KVM stands for “keyboard, video, and mouse,” and a KVM extender is basically a device that extends these interfaces and enables remote access to a computer over distances from a few feet up to several miles, or even over the Internet. A KVM extender unit consists of a transmitter device, sometimes called “local unit,” and a receiver device, also called “remote unit.” These devices can be connected over either CATx copper or fiber cable, and the newest technology can even extend signals over a standard IP network. You can connect your PC to a transmitter at work and plug in the receiver at your home office and work at your computer, just like you would with a direct connection.

What are the interfaces being used?
The video interface is usually either DVI or HDMI on most modern devices, while older computers might be equipped with VGA only. In the past, keyboard and mouse were always separate interfaces and were using a PS2 6-pin mini-DIN connector. That technology has been almost completely phased out, and now USB is the standard connector. It usually doesn’t matter where you plug in your mouse or keyboard, as long as it is a USB port. Other optional interfaces that can be supported are audio and RS-232.

Scientsits monitoring computersWhy would anyone need a KVM extender?
Computer fans are loud, and computer CPUs have fans for cooling because they generate a lot of heat. Plus, they take up a lot of space. None of these features is ideal in an office environment. By using a KVM extender, CPUs can be backracked in a server room in a temperature-controlled environment. All the user needs is a tiny receiver unit on the desk where the keyboard, video display, and mouse would be connected. An industrial environment has different challenges. The work environment might be dusty or dirty—areas where regular CPUs with fans will not last long. The fans will pull the dirt into the cabinet, clogging it up and causing the computer to overheat. By using a KVM extender, the PC can be relocated to a cleaner environment, and the keyboard, video, and mouse workstation can be connected to a remote KVM unit that is fanless. These are just two examples of how KVM extenders are being used, but the variety of applications for KVM extenders is extensive. Learn more at Blackbox.com/KVM-Extenders or check out our KVM Extenders Selector.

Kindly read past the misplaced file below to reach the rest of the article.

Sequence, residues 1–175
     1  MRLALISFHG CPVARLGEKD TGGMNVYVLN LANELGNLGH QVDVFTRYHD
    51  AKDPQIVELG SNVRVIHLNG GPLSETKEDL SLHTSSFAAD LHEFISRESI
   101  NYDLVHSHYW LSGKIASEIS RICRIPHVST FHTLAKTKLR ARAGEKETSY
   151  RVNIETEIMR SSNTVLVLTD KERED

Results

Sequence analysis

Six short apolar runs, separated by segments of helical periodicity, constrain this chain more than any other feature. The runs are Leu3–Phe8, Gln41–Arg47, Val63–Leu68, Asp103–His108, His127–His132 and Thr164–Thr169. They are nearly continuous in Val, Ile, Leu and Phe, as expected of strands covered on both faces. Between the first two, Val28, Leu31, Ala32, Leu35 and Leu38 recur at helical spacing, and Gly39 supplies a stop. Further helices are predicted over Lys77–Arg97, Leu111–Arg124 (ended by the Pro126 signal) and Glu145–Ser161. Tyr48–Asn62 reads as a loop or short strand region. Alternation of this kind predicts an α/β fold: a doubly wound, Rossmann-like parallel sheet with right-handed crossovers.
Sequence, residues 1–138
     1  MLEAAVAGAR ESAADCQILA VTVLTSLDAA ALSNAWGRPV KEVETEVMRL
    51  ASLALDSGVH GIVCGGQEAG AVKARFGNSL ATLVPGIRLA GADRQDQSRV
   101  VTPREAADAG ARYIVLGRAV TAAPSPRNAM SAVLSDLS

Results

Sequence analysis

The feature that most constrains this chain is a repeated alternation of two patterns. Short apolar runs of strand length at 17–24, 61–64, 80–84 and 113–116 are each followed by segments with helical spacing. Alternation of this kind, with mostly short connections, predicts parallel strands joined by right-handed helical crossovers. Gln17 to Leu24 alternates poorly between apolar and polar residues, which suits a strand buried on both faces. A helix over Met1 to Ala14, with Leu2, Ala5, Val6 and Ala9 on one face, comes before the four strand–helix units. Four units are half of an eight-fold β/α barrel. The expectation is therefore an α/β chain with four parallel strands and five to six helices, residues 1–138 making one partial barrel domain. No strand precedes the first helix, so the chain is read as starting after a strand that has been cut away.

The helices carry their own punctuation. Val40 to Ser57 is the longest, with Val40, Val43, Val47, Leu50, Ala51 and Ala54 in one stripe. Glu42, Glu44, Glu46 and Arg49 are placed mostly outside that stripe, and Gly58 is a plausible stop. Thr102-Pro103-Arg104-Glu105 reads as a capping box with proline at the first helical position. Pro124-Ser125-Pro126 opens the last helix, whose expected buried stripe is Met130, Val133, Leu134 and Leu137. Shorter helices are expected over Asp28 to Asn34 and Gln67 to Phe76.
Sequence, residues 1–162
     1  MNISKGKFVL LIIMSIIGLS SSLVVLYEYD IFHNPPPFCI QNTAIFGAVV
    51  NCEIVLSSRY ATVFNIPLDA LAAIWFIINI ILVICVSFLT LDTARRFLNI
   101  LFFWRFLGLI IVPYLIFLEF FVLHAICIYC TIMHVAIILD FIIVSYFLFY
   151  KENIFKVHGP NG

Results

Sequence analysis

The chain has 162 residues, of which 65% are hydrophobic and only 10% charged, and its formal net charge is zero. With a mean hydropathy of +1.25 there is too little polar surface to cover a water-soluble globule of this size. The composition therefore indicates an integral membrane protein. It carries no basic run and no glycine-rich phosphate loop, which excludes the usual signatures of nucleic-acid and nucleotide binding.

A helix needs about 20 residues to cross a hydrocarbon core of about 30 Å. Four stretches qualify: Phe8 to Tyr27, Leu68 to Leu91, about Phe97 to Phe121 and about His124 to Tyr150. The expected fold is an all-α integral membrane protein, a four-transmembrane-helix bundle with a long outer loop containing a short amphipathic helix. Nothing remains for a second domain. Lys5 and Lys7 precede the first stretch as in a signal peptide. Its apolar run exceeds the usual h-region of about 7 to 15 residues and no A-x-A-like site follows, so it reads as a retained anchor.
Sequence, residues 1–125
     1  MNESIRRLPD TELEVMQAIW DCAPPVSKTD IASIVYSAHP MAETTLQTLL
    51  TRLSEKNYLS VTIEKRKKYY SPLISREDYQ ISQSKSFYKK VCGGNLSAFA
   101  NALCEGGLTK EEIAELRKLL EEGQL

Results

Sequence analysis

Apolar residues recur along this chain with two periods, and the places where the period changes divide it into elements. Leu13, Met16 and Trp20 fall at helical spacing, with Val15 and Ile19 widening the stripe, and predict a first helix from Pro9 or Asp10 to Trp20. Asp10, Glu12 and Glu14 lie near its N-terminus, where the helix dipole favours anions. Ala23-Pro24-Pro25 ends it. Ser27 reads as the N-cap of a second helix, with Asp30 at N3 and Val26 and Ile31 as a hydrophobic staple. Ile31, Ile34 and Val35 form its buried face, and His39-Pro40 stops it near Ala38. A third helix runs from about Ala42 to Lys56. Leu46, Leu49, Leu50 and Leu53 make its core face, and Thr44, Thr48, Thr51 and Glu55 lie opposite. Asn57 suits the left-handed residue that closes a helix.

Credit card liability shift leads retailers to PoS upgrade

The U.S. is the last major market in the world to use magnetic-stripe swipe-and-sign credit card systems. These legacy credit cards are also one of the big reasons why almost half of the world’s credit card fraud happens in America although the U.S. accounts for only a quarter of all credit card transactions. The Target breach affected the credit card information of about 40 million people and the personal data of up to 70 million people.

The rest of the world uses EMV (Europay, MasterCard, and Visa) credit cards. The cards have a chip embedded in them that stores customer data. They are considered much safer thanEL0136 magnetic stripe cards and are much more difficult to hack. The U.S. has been years behind the rest of the world in adopting chip-embedded credit cards. But that is changing.

The push is on in the U.S. to get everyone switched over to the EMV system by October 2015. That’s when there will be a big shift in credit card fraud liability.

After the October deadline, if a retailer is still using the old swipe system, the liability for any fraudulent transactions shifts from the financial institution to the merchant if the consumer is using a chip card.

The shift also involves the opposite scenario. If a retailer has the new terminal, but the bank hasn’t issued a new chip-embedded card, the liability for fraud rests with the bank.

Many U.S. banks, credit unions, and credit card issuers have already issued chip-enabled cards or are in the process of changing over to them. The big question is will retailers be ready?

New PoS terminals
Currently, consumers swipe legacy magnetic-stripe credit cards at point-of-sale (PoS) terminals. The new chip-enabled cards require different processing terminal called a “chip-and-dip.” Instead of swiping, the consumer inserts (or “dips”) the card into the EMV processor. This requires retailers to invest in new equipment and, possibly, new infrastructure to support the processors.

Some retailers, such as Walmart, have already installed checkout terminals that can process the chip-and-pin cards. Other retailers are in the process of installing the new terminals.